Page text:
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“Journalism: Gathering Information and Writing Your Story” by Emma Sills, Kyle Olmstead and Shannon Hawley, The University of Delaware

JOURNALISM: Gathering Information and Writing Your Story

University of Delaware Professor Ben Yagoda defines journalism as, “uncovering timely and previously not well-known information that, according to agreed-upon standards, is important; and conveying it to the public clearly, accurately, concisely, disinterestedly, and independently.”

"Information Literacy" was written by Joseph M. Moxley

During your college career, you will probably take a variety of classes in the humanities, social sciences, sciences, and other fields. Although the demands for these courses will vary widely, in each of the classes you will need to determine the information required, evaluate the credibility of primary and secondary resources, communicate complex ideas in simple and clear ways, research sources for your own writing, and use such sources to help you explain your ideas.

"What are New Literacies?" was written by Kyle D. Stedman

Something seems wrong

A few days ago, I tweeted something that wasn’t particularly funny, but I got this response:1

cory folse tweet

I don’t know anyone named Cory Folse, and I don’t know who this @jokesallnight person is, either. So I ignored the tweet, kind of glad I had made someone happy, but kind of confused.

"Critical Reading Practices" was written by Jennifer Yirinec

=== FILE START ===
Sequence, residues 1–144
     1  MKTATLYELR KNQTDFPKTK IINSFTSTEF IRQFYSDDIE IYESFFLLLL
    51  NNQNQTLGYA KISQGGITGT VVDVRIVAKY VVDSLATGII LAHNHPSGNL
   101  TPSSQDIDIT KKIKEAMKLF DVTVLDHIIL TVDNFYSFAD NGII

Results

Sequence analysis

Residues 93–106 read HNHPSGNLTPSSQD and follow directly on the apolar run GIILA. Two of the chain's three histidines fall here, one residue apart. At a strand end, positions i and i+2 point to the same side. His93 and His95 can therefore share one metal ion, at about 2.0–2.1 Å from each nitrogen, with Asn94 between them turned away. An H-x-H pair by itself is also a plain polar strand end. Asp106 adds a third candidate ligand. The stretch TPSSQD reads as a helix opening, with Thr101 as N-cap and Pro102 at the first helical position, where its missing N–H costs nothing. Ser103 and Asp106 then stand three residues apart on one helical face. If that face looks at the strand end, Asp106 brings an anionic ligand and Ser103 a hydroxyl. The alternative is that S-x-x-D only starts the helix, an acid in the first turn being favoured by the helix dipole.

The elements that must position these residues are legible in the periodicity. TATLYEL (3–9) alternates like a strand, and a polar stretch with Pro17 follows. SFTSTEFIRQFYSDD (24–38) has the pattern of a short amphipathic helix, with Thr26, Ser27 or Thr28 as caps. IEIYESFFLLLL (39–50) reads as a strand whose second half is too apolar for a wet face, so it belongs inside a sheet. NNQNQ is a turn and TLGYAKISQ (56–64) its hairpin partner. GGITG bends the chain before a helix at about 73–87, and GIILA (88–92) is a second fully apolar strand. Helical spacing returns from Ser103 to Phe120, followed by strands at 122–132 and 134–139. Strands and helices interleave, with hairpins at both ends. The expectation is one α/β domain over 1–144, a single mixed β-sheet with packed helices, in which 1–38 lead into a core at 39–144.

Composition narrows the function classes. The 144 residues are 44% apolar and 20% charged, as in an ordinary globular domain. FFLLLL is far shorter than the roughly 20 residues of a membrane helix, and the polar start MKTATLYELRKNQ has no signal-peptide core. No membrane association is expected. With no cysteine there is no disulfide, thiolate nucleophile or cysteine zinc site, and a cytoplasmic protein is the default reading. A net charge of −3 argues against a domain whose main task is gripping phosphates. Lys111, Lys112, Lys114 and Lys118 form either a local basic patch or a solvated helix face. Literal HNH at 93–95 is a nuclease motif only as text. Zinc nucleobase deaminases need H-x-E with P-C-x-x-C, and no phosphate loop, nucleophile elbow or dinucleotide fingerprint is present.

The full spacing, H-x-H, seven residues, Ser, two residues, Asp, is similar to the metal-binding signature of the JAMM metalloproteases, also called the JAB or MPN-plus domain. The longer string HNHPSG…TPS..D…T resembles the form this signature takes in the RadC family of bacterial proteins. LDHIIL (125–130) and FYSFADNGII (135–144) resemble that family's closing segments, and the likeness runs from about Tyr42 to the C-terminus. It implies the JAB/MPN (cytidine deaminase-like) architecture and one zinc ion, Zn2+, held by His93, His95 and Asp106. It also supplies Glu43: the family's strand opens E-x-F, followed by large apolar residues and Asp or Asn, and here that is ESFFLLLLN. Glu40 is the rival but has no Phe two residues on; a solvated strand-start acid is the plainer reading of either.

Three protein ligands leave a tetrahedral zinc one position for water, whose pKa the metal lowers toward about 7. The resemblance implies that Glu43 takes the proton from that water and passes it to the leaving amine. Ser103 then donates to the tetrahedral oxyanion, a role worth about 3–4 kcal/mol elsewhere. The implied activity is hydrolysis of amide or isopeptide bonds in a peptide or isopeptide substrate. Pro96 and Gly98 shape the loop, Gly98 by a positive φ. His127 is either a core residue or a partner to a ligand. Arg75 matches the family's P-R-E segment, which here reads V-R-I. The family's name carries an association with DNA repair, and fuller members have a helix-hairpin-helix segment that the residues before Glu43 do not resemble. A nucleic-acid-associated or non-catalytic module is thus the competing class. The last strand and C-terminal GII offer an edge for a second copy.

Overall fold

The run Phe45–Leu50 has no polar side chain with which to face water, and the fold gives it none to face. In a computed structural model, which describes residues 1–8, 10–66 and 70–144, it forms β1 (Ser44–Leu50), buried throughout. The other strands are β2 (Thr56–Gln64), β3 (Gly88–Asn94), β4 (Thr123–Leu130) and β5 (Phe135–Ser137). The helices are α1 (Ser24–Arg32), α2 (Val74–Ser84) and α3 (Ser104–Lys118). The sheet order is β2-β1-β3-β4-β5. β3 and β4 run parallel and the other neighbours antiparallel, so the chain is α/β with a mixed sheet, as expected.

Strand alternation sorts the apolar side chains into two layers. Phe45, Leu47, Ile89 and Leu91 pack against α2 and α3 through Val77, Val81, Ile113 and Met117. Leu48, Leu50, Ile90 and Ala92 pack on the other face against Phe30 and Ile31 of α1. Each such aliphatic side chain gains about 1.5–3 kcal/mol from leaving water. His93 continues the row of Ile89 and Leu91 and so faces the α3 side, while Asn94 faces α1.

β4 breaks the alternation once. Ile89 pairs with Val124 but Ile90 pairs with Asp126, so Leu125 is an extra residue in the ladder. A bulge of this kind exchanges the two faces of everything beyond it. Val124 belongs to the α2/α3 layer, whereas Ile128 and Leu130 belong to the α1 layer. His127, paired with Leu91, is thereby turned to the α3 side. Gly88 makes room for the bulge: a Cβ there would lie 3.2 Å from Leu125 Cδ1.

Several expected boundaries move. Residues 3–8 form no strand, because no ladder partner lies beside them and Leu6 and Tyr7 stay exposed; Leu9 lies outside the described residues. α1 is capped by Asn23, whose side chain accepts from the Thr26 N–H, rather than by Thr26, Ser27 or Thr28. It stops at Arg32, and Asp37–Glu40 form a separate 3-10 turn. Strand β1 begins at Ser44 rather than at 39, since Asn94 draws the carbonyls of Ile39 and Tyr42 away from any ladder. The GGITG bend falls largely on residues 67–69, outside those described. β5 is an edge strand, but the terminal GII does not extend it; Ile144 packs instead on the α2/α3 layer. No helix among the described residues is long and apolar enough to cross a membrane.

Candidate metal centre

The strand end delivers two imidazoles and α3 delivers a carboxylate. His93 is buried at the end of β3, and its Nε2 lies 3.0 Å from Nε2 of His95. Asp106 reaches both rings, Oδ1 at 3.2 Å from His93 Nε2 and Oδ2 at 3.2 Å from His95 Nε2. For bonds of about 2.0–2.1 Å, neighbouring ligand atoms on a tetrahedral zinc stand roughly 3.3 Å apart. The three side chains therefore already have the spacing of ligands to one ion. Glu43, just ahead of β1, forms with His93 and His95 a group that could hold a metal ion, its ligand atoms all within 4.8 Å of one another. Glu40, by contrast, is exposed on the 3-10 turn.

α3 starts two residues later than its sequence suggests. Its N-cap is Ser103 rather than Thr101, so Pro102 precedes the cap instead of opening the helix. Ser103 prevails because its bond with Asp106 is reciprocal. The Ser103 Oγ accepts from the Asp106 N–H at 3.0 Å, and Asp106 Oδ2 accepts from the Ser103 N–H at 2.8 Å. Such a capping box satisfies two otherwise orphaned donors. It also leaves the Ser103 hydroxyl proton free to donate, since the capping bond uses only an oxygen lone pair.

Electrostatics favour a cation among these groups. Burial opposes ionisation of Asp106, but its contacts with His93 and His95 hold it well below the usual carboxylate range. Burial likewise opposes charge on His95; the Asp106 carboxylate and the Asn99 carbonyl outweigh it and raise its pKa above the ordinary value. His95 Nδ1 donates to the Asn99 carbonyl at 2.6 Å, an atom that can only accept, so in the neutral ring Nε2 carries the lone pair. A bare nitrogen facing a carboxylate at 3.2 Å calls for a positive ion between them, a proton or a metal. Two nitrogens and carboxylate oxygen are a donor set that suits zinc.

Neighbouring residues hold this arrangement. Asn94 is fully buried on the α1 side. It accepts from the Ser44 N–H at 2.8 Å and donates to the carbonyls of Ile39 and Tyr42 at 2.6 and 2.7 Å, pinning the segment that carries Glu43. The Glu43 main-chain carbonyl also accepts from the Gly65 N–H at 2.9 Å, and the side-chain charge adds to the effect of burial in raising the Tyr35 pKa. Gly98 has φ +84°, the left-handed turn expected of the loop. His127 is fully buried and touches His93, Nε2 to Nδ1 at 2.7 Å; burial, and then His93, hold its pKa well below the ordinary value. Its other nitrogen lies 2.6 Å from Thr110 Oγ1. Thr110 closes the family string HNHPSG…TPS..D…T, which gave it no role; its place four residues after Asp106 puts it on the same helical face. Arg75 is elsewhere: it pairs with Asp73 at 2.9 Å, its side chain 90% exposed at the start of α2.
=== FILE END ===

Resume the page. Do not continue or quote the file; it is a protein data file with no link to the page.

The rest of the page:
As a reader, a developing writer, and an informed student and citizen, it is extremely important for you to be able to locate, understand, and critically analyze others’ purposes in communicating information. Being able to identify and articulate the meaning of other writers’ arguments and theses enables you to engage in intelligent, meaningful, and critical knowledge exchanges.

"Active Reading" was written by Brogan Sullivan

Mapping the Territory

Reading is an activity integral to the writing process. You may not associate reading with the difficult task of writing a college essay. After all, it seems like a passive activity, something you might do at a café or sitting in an easy chair. But while you can read solely for entertainment, soaking in the plot of a good novel or familiarizing yourself with the latest celebrity gossip, reading also drives the act of writing itself, from the earliest stages onward. Reading can—and will—make you a better writer.

"Critical Reading Exercises" was written by Joseph Moxley